View Important Engine Data With an MFD Interface
Modern boats are increasingly powered by computers on the engine and at the helm rather than fuel. Mercury SmartCraft, Yamaha Helm Master EX and Volvo Penta Electronic Vessel Control systems, to cite three examples, incorporate steering control, an autopilot system, a virtual anchor, auto trim and more. A touchscreen multifunction display at the helm offers the potential to combine navigation, fish finding, and touchscreen switching for many vessel functions. Often the MFD can also show engine data and control engine functions; however, it can’t always because the engine’s computer might not be able to fully integrate with the MFD.
Every engine manufacturer offers an MFD designed to work with its engine computing system. This is much more complicated than simply plugging a new monitor into your desktop computer. Two software systems have to integrate. So, engine builders team up with one of the MFD manufacturers to create branded displays. Mercury VesselView displays are made by Navico (Simrad/Lowrance), Yamaha and Volvo Penta use Garmin, and Suzuki uses Furuno.
An MFD not specifically designed to communicate with the engine can still display basic engine data through an NMEA 2000 connection, but graphics, fault codes and touchscreen functions might not work. Boat manufacturers usually align the MFD with the engine brand or leave room at the helm for a stand-alone proprietary display. If you repower your boat, however, you may have to choose between installing a new MFD that functions with the new engines, adding an engine-specific display, or finding another option. For example, in our story about repowering a 1998 Cruisers Yachts 2870 Rogue (boatingmag.com/sterndrive-repower) with new SmartCraft-enabled MerCruiser sterndrives, the engines could not communicate the VesselView data to the existing Garmin MFD, and there was not space on the helm for a separate VesselView display. The owner’s solution, installing VesselView Mobile to transmit the VesselView interface via Bluetooth to an iPad, is less than ideal.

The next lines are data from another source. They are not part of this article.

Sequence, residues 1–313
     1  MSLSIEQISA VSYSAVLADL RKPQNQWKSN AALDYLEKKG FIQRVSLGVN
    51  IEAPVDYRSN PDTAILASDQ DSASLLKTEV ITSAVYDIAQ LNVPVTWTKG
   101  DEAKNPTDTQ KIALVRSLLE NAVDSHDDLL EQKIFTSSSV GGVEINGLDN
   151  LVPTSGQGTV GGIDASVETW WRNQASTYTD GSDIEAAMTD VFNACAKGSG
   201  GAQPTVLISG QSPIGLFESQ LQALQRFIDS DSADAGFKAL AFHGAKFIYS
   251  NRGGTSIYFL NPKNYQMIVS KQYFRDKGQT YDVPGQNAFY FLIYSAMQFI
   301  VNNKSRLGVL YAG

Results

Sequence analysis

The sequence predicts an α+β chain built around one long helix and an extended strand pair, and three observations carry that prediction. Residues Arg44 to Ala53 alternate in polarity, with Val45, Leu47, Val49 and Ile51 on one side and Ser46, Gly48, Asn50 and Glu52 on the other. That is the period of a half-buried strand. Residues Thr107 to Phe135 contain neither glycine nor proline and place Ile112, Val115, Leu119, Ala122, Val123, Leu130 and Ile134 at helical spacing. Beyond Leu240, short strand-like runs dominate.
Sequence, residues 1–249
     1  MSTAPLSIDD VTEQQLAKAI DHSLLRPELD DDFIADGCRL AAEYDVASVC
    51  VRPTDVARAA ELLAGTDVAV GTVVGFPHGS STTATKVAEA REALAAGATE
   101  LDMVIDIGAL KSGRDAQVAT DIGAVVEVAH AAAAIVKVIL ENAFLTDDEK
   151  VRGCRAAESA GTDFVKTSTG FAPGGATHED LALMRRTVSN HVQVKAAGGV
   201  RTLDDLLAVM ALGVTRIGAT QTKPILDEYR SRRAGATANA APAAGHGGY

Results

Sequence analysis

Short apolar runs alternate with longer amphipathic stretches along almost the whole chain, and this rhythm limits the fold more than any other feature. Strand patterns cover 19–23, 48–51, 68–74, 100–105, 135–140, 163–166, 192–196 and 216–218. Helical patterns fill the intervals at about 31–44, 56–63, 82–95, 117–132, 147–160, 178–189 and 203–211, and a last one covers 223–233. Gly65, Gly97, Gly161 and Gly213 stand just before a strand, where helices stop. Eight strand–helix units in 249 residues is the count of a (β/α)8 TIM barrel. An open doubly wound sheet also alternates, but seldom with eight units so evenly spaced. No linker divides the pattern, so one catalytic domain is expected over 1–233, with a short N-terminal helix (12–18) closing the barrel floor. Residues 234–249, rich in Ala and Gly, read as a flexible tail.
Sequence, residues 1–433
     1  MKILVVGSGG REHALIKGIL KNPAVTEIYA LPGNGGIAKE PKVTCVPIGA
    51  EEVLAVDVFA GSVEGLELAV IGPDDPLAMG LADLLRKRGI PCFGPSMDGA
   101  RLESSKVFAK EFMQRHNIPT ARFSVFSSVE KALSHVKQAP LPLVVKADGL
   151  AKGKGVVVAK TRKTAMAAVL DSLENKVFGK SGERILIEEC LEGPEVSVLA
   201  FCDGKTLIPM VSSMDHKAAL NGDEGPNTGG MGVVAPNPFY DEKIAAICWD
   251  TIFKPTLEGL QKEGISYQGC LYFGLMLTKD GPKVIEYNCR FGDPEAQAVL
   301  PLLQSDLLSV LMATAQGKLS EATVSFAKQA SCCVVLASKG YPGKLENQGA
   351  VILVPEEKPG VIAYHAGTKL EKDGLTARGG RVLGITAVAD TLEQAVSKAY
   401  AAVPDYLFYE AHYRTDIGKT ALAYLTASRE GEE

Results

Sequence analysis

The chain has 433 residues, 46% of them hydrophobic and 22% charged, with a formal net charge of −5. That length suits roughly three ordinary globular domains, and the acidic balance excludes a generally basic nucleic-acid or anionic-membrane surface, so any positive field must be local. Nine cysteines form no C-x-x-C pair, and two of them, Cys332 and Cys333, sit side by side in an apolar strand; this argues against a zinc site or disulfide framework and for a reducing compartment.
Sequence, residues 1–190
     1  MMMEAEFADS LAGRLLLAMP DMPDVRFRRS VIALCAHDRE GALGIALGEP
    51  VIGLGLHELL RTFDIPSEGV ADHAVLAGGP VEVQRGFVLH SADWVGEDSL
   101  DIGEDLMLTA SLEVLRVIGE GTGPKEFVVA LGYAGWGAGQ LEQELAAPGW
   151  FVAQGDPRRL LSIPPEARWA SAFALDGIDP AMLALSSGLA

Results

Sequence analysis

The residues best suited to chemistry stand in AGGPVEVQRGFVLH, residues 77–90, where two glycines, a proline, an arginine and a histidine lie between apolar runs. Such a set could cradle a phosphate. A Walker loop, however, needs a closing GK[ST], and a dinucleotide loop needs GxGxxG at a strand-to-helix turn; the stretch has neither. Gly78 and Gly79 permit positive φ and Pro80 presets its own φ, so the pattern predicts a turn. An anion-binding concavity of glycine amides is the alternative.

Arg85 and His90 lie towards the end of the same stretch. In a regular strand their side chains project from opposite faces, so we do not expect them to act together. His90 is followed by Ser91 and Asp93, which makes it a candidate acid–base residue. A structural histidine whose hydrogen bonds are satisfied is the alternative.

To address this situation, Mercury recently released SmartCraft Connect, an MFD interface (MFDI) designed to allow VesselView to function on various Garmin and Raymarine MFDs. Mercury calls VesselView an “experience,” saying it’s the operating system that’s important, not the hardware. The MFDI translates the Vessel-View data, functions and graphics to the Garmin operating system. Right now, that experience is not complete; some touchscreen functions, such as cruise control and Active Trim, are not available on the Garmin display. That will change in the coming year with upcoming software updates, according to Mercury.
The Yamaha Helm Master EX system includes two MFDI units: one for Garmin displays ($1,487) and another for Raymarine units ($1,965) that require an HDMI connection. The Garmin MFDI enables all Helm Master EX touchscreen functions, but the Raymarine MFDI requires a small handheld controller for those functions.
The Mercury and Yamaha MFDI devices should not be confused with the gateway devices (Mercury VesselView Link and Yamaha gateways) required to connect the engine to the boat’s NMEA network and any type of display. These gateways act as a firewall between the MFD and the engine’s computers. Boats today might be powered by liquid fuel, but they increasingly run on software.
Thanks to modern advances in boatbuilding, onboard systems and technology, the sport of cruising is poised for some exciting times ahead.
The Eelex 8000 provides a quiet, fun ride.
New products from Blue Water Desalination, Parker Hannafin and Spot Zero
ePropulsion adds lithium-iron-phosphate models to its battery line.